“Suppose, monks, there is a guest-house. Travellers come from the east, the west, the north, the south to lodge here: nobles and brahmans, merchants and serfs.  In the same way, monks, a monk who cultivate the Noble Eightfold Path, who assiduously practises the Noble Eightfold Path, comprehends with higher knowledge those states that are to be so comprehended, abandons with higher knowledge those states that are to be so abandoned, comes to experience with higher knowledge those states that are to be so experienced, and cultivates with higher knowledge those states that are to be so cultivated.
“What, monks, are the states to be comprehended with higher knowledge? 
“They are the five groups of clinging. Which five? The body-group, the feeling-group, the perception-group, the mental-formation group, the consciousness-group…
“What, monks, are the states to be abandoned with higher knowledge?
“They are ignorance and the desire for [further] becoming.
“And what, monks, are the states to be experienced with higher knowledge?
“They are knowledge and liberation.
“And what, monk, are the states to be cultivated with higher knowledge?
“They are calm and insight. 
“And how does a monk who cultivates the Noble Eightfold Path, who assiduously practises the Noble Eightfold Path, comprehend…, abandon…, come to experience…, cultivate with higher knowledge those states that are to be so comprehended, abandoned, experienced, cultivated?
“In this, monks, a monk cultivates Right View,… Right Concentration that is based on detachment, dispassion, leading to maturity of surrender.  In this way he comprehends…, abandons…, comes to experience…, cultivates with higher knowledge those states that are to be so comprehended, abandoned, experienced, cultivated.”
“Monks, there are these three kinds of suffering.  What three? Suffering caused by pain,  suffering caused by the formations (or conditioned existence),  suffering due to change.  It is for the full comprehension, clear understanding, ending and abandonment of these three forms of suffering that the Noble Eightfold Path is to be cultivated…”
“At such times, monks, as the mind is sluggish, that is the wrong time to cultivate the enlightenment-factor  of tranquillity, the enlightenment-factor of concentration, the enlightenment-factor of equanimity. What is the reason? A sluggish mind is hard to arouse by these factors.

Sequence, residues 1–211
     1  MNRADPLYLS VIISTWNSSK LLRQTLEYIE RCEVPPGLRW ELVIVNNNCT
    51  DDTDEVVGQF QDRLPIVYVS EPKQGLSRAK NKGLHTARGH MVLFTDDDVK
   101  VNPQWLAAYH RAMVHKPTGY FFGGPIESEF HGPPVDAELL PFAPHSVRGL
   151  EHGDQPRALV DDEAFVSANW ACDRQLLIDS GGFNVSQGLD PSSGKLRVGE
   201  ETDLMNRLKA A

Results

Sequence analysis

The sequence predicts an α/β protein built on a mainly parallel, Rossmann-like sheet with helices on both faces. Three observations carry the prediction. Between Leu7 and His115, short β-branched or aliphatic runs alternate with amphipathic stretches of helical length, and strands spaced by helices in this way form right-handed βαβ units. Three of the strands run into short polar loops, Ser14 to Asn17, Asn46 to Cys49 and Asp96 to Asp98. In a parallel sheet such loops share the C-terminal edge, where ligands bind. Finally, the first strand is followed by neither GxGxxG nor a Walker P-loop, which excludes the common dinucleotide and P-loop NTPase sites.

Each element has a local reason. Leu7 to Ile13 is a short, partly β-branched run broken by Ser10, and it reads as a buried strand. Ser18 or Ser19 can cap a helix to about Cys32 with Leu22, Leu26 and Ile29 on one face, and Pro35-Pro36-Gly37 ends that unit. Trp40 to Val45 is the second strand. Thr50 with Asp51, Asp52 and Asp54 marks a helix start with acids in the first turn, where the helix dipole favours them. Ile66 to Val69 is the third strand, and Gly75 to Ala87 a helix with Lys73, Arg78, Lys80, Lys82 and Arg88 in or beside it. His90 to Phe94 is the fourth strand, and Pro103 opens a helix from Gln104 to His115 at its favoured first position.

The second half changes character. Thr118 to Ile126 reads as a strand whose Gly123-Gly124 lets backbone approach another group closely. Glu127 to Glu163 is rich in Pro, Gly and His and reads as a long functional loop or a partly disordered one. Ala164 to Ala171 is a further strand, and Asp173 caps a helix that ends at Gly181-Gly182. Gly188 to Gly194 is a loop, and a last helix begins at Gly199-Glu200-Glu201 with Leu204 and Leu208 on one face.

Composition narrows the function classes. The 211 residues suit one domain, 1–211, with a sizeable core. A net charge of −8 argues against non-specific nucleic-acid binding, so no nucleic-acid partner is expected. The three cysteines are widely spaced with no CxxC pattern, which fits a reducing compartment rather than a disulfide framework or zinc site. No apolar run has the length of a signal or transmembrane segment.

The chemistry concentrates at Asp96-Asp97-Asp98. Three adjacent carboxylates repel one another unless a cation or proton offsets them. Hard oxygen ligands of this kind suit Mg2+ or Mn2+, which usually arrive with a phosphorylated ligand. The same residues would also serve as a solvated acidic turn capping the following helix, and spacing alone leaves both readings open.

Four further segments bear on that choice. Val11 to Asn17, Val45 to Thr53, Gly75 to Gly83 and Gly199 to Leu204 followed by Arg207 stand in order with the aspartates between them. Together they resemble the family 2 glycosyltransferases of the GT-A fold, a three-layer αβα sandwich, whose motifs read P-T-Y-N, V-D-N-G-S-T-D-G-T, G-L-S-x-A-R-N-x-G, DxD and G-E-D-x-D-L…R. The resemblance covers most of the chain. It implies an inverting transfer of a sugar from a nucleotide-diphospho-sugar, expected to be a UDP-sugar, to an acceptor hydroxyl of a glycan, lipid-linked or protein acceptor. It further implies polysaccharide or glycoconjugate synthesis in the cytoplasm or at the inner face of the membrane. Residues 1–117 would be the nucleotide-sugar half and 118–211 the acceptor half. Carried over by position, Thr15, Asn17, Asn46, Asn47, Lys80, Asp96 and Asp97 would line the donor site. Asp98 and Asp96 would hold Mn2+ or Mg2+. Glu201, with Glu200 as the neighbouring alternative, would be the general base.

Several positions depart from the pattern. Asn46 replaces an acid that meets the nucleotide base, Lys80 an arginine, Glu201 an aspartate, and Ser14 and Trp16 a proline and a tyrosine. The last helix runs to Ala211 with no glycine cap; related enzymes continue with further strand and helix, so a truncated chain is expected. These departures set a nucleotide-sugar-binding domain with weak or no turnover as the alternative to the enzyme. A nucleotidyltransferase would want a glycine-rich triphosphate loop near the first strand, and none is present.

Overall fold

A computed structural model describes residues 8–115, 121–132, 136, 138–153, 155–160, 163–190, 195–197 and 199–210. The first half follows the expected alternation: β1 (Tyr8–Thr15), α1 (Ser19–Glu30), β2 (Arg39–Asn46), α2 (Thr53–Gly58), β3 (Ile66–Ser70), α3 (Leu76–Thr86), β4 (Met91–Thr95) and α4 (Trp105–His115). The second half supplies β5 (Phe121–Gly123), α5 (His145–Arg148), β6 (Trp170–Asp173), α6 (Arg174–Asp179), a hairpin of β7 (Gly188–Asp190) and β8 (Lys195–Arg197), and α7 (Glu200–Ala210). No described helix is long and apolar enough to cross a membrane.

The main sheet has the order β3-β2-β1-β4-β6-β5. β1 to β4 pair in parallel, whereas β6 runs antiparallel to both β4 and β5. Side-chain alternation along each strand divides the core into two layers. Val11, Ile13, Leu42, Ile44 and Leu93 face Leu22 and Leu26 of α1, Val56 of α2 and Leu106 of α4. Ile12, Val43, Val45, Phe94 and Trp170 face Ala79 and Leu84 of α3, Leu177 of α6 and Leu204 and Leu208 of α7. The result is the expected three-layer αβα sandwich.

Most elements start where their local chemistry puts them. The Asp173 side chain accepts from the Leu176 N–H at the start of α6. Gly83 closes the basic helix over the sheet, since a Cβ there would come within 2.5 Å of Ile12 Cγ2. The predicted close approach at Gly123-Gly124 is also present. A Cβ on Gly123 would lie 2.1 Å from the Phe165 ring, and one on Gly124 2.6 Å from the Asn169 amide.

“Suppose a man wants to make a small fire blaze. If he heaps wet grass, wet cow-dung and wet sticks on it, if he exposes it to wind and rain and sprinkles it with dust, can he make that small fire blaze?”
“No indeed, Lord.”
“Just so, when the mind is sluggish it is the wrong time to cultivate the enlightenment-factors of tranquillity, concentration and equanimity, because a sluggish mind is hard to arouse through these factors.
“But, monks, when the mind is sluggish, that is the right time to cultivate the enlightenment-factor of investigation-of-states, the enlightenment-factor of energy, the enlightenment-factor of rapture.  What is the reason? A sluggish mind is easy to arouse by these factors.
“Suppose a man wants to make a small fire blaze. If he heaps dry grass, dry cow-dung and dry sticks on it, blows on it with his mouth, and does not sprinkle it with dust, can he make that fire blaze?”
“Yes indeed, Lord.”
“… a sluggish mind is easy to arouse through these factors.
“Monks, when the mind is agitated,  it is the wrong time to cultivate the enlightenment-factors of investigation-of-states, of energy, of rapture. Why? An agitated mind is hard to calm through these factors.
“Suppose a man wants to put a big fire out. If he heaps dry cow-dung and dry sticks on it, blow on it with his mouth, and does not sprinkle it with dust, can he put that fire out?”
“No indeed, Lord.”
“… an agitated mind is not easy to calm through these factors.